We have lost jobs in the city since the recession began in earnest in August 2008, but
Housing prices have dipped by seven percent, according to the latest figures by uber-real estate analyst Kevin Gillen. But compare and contrast that to other cities, such as
The unemployment rate is still higher than the national average (by about 2 points), but certain sectors in town have weathered the recession well: Eds & Meds and tourism are two sectors where the number of employees have increased, even in the teeth of the economic storm.
In Center City - defined as river to river, Washington to Girard Avenue - housing sales are showing sign of recovery, according to Paul Levy, head of the Center City District.
In an analysis released last week, the CDC showed that home sales have increased 24 percent so far this year, compared to 2009; and the time for-sale homes remain on the market has slipped as well.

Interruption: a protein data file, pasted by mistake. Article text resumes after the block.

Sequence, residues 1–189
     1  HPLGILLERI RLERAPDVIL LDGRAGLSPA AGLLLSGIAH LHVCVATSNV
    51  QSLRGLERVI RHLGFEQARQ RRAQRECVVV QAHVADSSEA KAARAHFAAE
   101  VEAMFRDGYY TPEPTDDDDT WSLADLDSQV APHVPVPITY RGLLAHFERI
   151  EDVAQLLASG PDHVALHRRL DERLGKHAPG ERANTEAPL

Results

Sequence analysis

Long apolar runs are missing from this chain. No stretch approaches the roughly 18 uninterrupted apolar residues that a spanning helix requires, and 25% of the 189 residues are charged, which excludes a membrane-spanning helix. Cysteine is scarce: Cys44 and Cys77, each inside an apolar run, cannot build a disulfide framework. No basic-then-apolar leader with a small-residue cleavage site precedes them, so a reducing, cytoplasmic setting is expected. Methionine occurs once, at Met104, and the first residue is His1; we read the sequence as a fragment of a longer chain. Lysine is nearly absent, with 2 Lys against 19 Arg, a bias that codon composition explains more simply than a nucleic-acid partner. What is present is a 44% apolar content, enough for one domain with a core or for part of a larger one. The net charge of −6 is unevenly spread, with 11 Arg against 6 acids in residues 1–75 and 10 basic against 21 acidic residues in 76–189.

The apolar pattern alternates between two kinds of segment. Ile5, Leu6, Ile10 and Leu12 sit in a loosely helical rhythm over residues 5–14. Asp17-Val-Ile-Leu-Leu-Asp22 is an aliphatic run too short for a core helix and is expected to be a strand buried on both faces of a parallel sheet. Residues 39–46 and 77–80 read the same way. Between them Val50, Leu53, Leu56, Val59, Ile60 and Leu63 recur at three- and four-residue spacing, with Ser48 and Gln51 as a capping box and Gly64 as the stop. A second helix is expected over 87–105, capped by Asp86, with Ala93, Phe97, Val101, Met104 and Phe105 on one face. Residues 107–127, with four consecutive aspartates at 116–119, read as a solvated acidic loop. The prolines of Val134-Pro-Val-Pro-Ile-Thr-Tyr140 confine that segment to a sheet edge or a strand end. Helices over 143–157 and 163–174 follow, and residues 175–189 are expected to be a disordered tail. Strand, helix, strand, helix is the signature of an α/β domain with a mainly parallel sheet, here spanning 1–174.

As Levy put it: "The less bad is the new good."
So, using that (oddly shaped) yardstick,
That is different than the past. In previous years,
But, these were in the days when manufacturing was the backbone of the
The largest sector is Eds & Meds, with 207,000 jobs - 32 percent of the total.
Another way to look at it is that the loss of manufacturing jobs in a recession cannot hurt us because there's simply not enough jobs left in that sector.
Whenever Levy holds a news conference, as he did last week to release new figures on jobs and development in
He usually comes armed with convincing numbers.
That gravitational pull has been changing the neighborhoods adjacent to
There is the old
None of this is to say that the recession did not - and continues to - cause pain, among the poor, among the unemployed, among a sizeable portion of city residents. Overall, though, it is less pain that previous downturns caused. To filch Levy's line, less pain is the new healthy.